Saturday, I saw something I’ve never seen before: the winning of the American Triple Crown of Thoroughbred Racing. I hadn’t expected it to happen, but I hoped. American Pharoah made it look easy. It’s not.
He’s the 12th horse to win it in almost a century. The last time the triangular statue was handed to an owner was 1978. Thirteen times in the 37 years since, it’s sat in a secure storeroom at Belmont, waiting to be given to a potential winner, only to be put in storage again. The trio of 1970s winners were represented Saturday: Secretariat’s owner Penny Chenery, Seattle Slew’s trainer William H. Turner Jr., and Affirmed’s jockey Steve Cauthen.
American Pharoah is bred and owned by Zayat Stables. He will stand at stud at Coolmore’s Ashford Stud Farm in Kentucky. It will cost a lot to get one of his babies. Breeders are likely poring over his pedigree and those of their mares, trying to choose one with performance and conformation in her background that, with luck, will enhance and balance his.
Breed the best to the best, and hope for the best, is the rule of thumb. Getting the “superhorse” is the dream, and they’re one in a million – literally. Stats on NBC’s Belmont broadcast showed that, since Affirmed won the Triple Crown in 1978, 1.4 million Thoroughbred foals have been born.
American Pharoah was born February 2, 2012 to Pioneerof the Nile and Littleprincessemma. Look through his pedigree and you will see well-known names. On his sire’s side are Mr. Prospector, Northern Dancer and Bold Ruler, sire of Secretariat. On his dam’s side are Northern Dancer, Secretariat and Raise a Native.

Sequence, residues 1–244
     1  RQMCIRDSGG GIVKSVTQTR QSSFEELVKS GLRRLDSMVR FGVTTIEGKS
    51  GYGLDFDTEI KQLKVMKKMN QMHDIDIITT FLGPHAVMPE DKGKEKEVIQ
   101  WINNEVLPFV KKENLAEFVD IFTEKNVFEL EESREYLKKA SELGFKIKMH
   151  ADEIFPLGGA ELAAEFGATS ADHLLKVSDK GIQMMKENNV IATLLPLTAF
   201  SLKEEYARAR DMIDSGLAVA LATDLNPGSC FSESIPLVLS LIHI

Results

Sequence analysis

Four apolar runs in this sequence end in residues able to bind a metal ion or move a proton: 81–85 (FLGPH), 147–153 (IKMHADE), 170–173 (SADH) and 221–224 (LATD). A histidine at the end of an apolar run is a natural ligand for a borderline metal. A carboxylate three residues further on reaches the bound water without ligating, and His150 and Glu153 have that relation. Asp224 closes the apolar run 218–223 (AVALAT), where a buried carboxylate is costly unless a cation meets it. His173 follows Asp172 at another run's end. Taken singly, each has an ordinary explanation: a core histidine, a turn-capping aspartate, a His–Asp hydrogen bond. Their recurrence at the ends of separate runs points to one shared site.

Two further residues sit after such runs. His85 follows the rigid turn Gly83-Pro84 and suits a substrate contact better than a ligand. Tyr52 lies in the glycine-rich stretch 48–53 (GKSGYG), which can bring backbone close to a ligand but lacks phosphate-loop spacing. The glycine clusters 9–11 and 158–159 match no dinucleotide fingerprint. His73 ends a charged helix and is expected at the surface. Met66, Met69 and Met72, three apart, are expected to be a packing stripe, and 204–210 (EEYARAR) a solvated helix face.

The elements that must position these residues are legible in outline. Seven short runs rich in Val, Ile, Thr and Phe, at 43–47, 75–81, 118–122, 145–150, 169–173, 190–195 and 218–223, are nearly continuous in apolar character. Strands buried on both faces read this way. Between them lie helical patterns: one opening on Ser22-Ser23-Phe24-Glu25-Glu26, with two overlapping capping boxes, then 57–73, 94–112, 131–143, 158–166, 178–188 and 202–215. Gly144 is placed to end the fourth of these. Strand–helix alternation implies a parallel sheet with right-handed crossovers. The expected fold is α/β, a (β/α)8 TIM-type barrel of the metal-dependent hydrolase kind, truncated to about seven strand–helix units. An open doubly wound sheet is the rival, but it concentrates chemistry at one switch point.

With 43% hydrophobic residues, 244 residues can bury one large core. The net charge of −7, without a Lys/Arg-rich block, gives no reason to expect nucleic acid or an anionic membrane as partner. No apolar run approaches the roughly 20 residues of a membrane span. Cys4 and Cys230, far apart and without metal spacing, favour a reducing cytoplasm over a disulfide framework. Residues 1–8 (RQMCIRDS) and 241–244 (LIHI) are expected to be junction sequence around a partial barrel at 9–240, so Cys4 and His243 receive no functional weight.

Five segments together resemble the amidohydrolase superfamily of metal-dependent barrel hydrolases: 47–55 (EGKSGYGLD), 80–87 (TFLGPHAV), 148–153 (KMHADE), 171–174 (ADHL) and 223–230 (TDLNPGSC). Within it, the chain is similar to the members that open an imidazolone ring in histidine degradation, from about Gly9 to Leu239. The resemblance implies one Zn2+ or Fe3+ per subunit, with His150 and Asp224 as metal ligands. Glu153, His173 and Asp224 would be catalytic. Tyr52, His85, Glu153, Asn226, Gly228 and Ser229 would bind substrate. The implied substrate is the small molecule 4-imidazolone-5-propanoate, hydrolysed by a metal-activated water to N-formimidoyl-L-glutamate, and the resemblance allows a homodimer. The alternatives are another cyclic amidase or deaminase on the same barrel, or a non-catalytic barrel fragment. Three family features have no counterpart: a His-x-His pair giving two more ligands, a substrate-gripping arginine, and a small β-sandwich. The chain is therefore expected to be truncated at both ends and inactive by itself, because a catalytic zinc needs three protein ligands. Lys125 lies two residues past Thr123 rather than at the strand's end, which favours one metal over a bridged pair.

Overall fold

The great Man o’ War is found in eleven of American Pharoah’s 16 great-great grandparents. Man o’ War could have, should have, been a member of the Triple Crown club. He won the Preakness and Belmont in 1920, but did not run in the Kentucky Derby. At the time, those races were simply three of many.
Being only five weeks apart with differing distances that test a horse’s ability, the three stakes races were first called the Triple Crown by a journalist in 1923. They didn’t become that officially until 1930 when Gallant Fox won all three. Sir Barton in 1919 was the only other horse to have done so. In 1947, ten years after his death, he was included as the first Triple Crown winner. I’m sure that, had he run the Derby, Man o’ War would be in that select group.